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5 Country ETFs to Sell

Sanghamitra Saha

The global economy is surely on an uptrend. As per the World Bank, the global economy may witness a seven-year high growth rate next year. In fact, several foreign economies, especially in Europe, were off to a great start in 2017. But probably this rising tide couldn’t lift all economies.

There are several country ETFs that are witnessing painful trading. Below we highlight a few that investors may want to stay away from. All these ETFs carry a Zacks Rank #4 (Sell).

Brazil – iShares MSCI Brazil Capped EWZ

The Brazilian economy has been a victim of economic and political woes in recent times. The current president, Michel Temer, was accused of bribing Eduardo, the former speaker of the house in May and thus manipulating the corruption probe and last year’s impeachment of the former president, Dilma Rousseff. Notably, Rousseff was held responsible for illegally financing government spending (read: Top ETF Stories of May).

Though the top judge of Brazil’s supreme electoral tribunal (TSE) cleared Brazil’s president Michel Temer of charges on June 9, uncertainty over the needed reforms linger. In the wake of the crisis, Brazil's Central Bank found that experts cut GDP growth forecast for 2017 from 0.5% to 0.41% and from 2.4% to 2.3% for 2018. The World Bank forecasts Brazil's GDP to grow only 0.3% this year and 1.8% next year. This makes it important to stay out of EWZ.

Peru – iShares MSCI All Peru Capped EPU

Peru's economy expanded 2.1% in Q1 of 2017 from the year-ago period, marking the lowest growth in two years. Economic growth was 3% in the fourth quarter of 2016. This piece of information is strong enough to make investors edgy about Peru investing (read: 4 Best Single-Country ETFs of 2016).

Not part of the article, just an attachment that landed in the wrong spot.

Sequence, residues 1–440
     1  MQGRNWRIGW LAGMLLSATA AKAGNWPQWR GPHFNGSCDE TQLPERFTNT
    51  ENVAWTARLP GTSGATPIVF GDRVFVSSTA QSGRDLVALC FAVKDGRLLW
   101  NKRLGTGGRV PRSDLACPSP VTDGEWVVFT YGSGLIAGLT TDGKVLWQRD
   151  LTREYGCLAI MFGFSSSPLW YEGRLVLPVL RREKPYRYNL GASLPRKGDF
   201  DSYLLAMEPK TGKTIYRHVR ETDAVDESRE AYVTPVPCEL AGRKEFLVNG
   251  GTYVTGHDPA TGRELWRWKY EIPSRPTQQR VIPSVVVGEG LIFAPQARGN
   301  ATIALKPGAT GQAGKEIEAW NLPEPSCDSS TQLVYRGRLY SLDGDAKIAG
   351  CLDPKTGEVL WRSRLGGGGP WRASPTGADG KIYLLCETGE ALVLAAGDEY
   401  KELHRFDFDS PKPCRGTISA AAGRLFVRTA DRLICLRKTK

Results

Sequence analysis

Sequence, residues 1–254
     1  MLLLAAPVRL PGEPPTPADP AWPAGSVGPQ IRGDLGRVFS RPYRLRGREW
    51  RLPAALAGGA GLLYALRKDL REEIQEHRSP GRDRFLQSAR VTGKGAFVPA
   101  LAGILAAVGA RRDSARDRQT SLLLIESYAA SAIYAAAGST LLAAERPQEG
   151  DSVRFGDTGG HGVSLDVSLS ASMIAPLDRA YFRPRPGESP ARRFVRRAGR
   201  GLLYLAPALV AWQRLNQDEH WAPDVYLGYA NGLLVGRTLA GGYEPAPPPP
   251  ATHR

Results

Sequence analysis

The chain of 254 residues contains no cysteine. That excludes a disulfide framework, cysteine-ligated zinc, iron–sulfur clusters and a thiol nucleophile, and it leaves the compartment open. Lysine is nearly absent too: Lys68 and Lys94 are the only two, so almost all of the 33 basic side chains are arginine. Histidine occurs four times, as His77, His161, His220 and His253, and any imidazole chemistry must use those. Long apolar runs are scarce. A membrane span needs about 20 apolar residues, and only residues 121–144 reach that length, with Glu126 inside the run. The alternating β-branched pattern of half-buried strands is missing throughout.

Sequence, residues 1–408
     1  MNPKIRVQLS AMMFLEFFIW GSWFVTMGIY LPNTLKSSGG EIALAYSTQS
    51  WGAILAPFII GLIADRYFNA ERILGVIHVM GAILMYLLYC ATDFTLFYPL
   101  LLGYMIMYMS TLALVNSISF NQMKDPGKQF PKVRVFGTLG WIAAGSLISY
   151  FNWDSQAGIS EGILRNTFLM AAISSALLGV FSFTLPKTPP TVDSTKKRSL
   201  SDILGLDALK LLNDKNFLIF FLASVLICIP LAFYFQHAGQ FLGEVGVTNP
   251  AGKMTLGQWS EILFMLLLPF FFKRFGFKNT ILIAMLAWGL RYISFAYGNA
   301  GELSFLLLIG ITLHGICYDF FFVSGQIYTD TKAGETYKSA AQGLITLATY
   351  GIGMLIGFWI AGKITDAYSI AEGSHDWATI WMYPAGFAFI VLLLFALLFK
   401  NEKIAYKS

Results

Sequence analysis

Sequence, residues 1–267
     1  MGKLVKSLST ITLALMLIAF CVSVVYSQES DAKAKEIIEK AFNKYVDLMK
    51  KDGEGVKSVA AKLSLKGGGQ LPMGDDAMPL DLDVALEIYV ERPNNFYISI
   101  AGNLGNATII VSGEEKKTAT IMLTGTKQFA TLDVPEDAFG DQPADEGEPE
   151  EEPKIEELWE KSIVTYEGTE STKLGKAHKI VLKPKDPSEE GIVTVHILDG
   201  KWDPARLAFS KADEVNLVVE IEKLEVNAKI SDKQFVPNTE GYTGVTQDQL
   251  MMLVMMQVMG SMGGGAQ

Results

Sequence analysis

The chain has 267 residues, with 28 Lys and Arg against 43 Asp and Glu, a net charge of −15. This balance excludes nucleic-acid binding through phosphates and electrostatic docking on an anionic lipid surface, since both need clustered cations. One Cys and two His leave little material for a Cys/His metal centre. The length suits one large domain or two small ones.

Russia – VanEck Vectors Russia ETF RSX

About half of Russia’s exports in terms of value come from oil and natural gas as the country has the third-largest oil reserve in the world and the biggestnatural gas reserve. This makes it clear why Russia’s economy is highly dependent on oil price movement.

With oil prices under pressure despite the extension of the output cut deal, Russia ETFs are likely to feel the pinch. Notably, United States Brent Oil BNO is down about 17.7% so far this year (as of June 12, 2017) and RSX has lost about 8.5% (read: 5 Country ETFs to Benefit from Crude Oil's Jump).

Colombia – Global X MSCI Colombia ETF GXG

Colombia's economy is also energy-dependent and can also be hit hard by the slump in global oil prices. Due to energy issues, the economy expanded 1.1% in Q1, below the central bank's estimate of 1.3%. Inflation in the country is still subdued. All these make Colombia an unimpressive investment.

Qatar – iShares MSCI Qatar Capped QAT

The Middle East has found another reason to be tensed. The OPEC top brass Saudi Arabia and other Arab states cut their diplomatic ties with Qatar recently. As the move caused the worst tiff in years among some powerful Arab countries, Qatar ETF may be in trouble. In addition to this, GDP in Qatar shrank 2.10% in Q4 of 2016 over the previous quarter. Against this type of an economic backdrop, edgy investors may want to stay away from QAT (read: Stay Away from These Middle East ETFs on Gulf Rift).

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